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Bubble and Squeak

Bubble and Squeak
Traditionally Bubble and Squeak is made using the leftover vegetables from a roast. Often times the meat is cut into bits and fried up with the veg, others times, it's served alongside. If you don't happen to have any leftover veggies from a roast, you can still enjoy a wedge of this hearty comfort food by starting from scratch.

Although I used brussels sprouts, you could use shredded cabbage if that's what you had on hand. If you have leftover mashed potatoes, feel free to use those in place of the plain boiled potatoes. You might wonder why I used duck fat AND pork in this recipe. The simple reason is because I had both and wanted to use both up. Duck fat adds excellent flavor, but you can definitely substitute extra bacon grease or butter if you don't have any hanging out in your fridge like I do.

Bubble and Squeak
Another thing that may seem a bit out of the ordinary is the addition of pork jowl. The story here is that I saw a couple at the market the other day...and couldn't resist. I love smoked jowl, and it's very interchangeable with bacon. The jowl has a bit more tooth to it, lending nice meaty chunks to the veg. Feel free to substitute thick-cut or double thick-cut bacon, just watch the cooking time and proceed with the recipe once it is golden and has rendered its fat.

Serve alongside a roast (just cooked or left over) as a side, or fry up an egg over-easy to serve on top of it. Setting that golden yolk free and mopping it up with the Bubble and Squeak is something every one should experience at least once in their lifetime.

Bubble and Squeak
Though traditionally a way to use up leftover mash, meat and veggies, this Irish Bubble & Squeak starts with uncooked ingredients - because sometimes you crave it when you don't have leftovers.
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Bubble and Squeak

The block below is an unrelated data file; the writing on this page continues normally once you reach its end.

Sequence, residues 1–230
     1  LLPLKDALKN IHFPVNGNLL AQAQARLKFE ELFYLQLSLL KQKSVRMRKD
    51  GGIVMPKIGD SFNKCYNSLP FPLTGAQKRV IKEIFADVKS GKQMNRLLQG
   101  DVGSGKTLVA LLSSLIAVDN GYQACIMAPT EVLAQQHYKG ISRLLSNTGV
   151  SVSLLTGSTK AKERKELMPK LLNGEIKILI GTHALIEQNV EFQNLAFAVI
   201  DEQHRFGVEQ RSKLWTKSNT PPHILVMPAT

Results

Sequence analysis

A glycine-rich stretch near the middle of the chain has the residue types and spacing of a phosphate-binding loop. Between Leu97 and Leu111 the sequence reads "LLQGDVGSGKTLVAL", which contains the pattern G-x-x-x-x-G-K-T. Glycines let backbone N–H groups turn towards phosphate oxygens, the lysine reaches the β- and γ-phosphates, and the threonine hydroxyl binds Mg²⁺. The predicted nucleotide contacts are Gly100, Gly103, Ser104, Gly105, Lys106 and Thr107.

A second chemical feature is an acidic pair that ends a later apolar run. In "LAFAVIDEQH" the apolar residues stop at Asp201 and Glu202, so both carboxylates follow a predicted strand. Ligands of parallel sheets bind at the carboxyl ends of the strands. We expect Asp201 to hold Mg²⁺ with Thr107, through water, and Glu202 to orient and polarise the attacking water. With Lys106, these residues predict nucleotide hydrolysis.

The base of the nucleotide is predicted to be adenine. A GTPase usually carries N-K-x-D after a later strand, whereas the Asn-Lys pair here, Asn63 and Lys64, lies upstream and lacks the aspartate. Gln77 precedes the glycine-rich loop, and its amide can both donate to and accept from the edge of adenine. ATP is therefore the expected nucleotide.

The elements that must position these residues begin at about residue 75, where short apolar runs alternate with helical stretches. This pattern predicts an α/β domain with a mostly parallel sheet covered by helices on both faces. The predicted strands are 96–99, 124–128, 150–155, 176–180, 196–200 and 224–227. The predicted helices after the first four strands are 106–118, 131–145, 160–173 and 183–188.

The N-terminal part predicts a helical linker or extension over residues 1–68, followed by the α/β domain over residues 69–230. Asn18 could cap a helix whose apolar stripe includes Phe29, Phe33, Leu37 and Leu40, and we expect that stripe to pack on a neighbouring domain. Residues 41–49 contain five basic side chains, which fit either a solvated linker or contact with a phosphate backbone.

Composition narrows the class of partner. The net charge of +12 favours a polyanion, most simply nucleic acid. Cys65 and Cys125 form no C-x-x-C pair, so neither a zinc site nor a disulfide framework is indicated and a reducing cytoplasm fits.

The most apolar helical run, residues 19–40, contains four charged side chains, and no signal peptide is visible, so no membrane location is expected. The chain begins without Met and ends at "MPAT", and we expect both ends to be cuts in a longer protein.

by Heather Schmitt-Gonzalez
Prep Time: 10 minutes
Cook Time: 25 minutes
Keywords: entree side cabbage potatoes St Patricks Day Irish

Ingredients (serves 4-6)
  • 1 tablespoon duck fat
  • 4 (1/4-inch thick) slices of smoked pork jowl, cut into chunks
  • 1 medium onion, chopped
  • 8-10 ounces brussels sprouts, ends trimmed and then shredded
  • 14 ounces boiled potatoes, at room temperature (~3 small-medium)
  • salt, to taste
  • pepper, to taste
  • 1 egg per person
Put the duck fat in a large, nonstick skillet over medium heat. Add the jowl and cook until golden all around, about 7 minutes. Just eyeballing it, if you have more than 2 tablespoons of fat in the bottom of your skillet, pour the excess into a small bowl or jar and reserve (in case you need to add more later).
smoked pork jowl
Add the onion to the pan and cook until it has started to soften, stirring often (a wooden spoon or rubber spatula works well here), about 5 minutes. Add the shredded brussels sprouts to the pan and continue to cook, stirring often, until it is soft and tender, about 10 minutes.
pork jowl, onion, and shredded brussels sprouts
Add the potatoes to the pan and sprinkle with a smattering of salt and a few good grinds of black pepper. Use a potato masher to mash the potato into everything else, then switch back to your wooden spoon or rubber spatula. Stir everything around it until everything is combined and then push and press it into the pan to form a sort of thick pancake.
Bubble and Squeak
Lift the edge of the mixture and if the pan looks very dry, drizzle in just a bit of the reserved fat while you lift the mixture up, letting it get to the bottom of the pan. Continue to cook until you the mixture has turned golden and a bit crisp on the bottom and edges.

Slide (or flip) mixture onto a serving plate. Cut into wedges and serve alongside leftover roast meat or with an over-easy egg on top.
Bubble and Squeak
Wondering where the name "Bubble and Squeak" comes from? Apparently it has to do with the sound of the meat and veg frying in the pan. For some really interesting history on Bubble and Squeak, check out the article Mary's Midnight Bubble and Squeak by Food History Jottings.